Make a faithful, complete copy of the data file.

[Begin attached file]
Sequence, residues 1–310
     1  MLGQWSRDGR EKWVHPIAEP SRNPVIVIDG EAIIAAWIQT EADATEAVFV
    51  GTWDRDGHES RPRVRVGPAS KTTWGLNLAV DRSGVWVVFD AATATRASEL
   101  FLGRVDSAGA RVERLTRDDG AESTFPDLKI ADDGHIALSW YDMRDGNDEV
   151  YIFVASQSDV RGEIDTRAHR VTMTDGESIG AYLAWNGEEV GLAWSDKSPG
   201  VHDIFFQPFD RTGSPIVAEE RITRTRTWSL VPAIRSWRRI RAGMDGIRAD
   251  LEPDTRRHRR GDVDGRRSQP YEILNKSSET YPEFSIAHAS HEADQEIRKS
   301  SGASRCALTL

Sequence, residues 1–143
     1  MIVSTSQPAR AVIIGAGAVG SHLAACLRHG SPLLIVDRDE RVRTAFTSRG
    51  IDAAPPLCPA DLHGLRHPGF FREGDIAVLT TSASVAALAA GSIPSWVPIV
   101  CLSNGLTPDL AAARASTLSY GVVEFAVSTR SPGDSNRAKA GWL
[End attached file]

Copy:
Sequence, residues 1–310
     1  MLGQWSRDGR EKWVHPIAEP SRNPVIVIDG EAIIAAWIQT EADATEAVFV
    51  GTWDRDGHES RPRVRVGPAS KTTWGLNLAV DRSGVWVVFD AATATRASEL
   101  FLGRVDSAGA RVERLTRDDG AESTFPDLKI ADDGHIALSW YDMRDGNDEV
   151  YIFVASQSDV RGEIDTRAHR VTMTDGESIG AYLAWNGEEV GLAWSDKSPG
   201  VHDIFFQPFD RTGSPIVAEE RITRTRTWSL VPAIRSWRRI RAGMDGIRAD
   251  LEPDTRRHRR GDVDGRRSQP YEILNKSSET YPEFSIAHAS HEADQEIRKS
   301  SGASRCALTL

Sequence, residues 1–143
     1  MIVSTSQPAR AVIIGAGAVG SHLAACLRHG SPLLIVDRDE RVRTAFTSRG
    51  IDAAPPLCPA DLHGLRHPGF FREGDIAVLT TSASVAALAA GSIPSWVPIV
   101  CLSNGLTPDL AAARASTLSY GVVEFAVSTR SPGDSNRAKA GWL